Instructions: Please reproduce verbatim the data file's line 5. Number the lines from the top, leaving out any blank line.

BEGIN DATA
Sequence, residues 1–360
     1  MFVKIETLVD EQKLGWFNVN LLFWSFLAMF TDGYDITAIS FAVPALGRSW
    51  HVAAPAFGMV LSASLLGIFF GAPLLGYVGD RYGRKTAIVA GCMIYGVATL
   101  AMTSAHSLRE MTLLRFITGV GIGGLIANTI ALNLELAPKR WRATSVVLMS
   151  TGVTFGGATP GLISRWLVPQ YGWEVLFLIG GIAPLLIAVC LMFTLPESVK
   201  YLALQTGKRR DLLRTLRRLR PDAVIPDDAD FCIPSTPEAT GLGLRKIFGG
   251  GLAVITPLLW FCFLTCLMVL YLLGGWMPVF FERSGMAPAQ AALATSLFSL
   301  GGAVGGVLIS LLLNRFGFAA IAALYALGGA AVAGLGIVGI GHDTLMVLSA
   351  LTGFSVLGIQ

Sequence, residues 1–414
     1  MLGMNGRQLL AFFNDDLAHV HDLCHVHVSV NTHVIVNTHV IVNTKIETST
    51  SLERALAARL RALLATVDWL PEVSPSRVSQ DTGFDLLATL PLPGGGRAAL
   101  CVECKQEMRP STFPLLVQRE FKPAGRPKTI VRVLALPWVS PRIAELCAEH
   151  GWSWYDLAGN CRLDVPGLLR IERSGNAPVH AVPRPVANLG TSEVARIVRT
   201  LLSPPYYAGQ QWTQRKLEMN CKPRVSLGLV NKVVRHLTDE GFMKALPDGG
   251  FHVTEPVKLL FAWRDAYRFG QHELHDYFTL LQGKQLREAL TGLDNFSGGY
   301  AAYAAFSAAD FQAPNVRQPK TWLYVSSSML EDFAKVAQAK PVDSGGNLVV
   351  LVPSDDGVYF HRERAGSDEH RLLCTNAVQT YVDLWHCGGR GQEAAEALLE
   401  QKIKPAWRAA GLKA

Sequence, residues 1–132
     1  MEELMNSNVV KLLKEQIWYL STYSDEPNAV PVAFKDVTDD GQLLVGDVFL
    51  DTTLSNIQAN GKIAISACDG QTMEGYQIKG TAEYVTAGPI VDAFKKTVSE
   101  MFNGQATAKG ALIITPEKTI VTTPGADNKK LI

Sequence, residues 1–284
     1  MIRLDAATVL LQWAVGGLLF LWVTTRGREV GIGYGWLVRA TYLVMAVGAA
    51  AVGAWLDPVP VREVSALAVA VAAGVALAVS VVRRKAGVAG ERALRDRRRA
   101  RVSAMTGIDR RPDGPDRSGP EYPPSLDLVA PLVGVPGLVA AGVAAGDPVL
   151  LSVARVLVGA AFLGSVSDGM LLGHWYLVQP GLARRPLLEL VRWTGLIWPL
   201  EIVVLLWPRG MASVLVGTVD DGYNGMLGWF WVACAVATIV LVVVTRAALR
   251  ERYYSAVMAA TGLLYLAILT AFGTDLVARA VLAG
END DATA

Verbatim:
   151  TGVTFGGATP GLISRWLVPQ YGWEVLFLIG GIAPLLIAVC LMFTLPESVK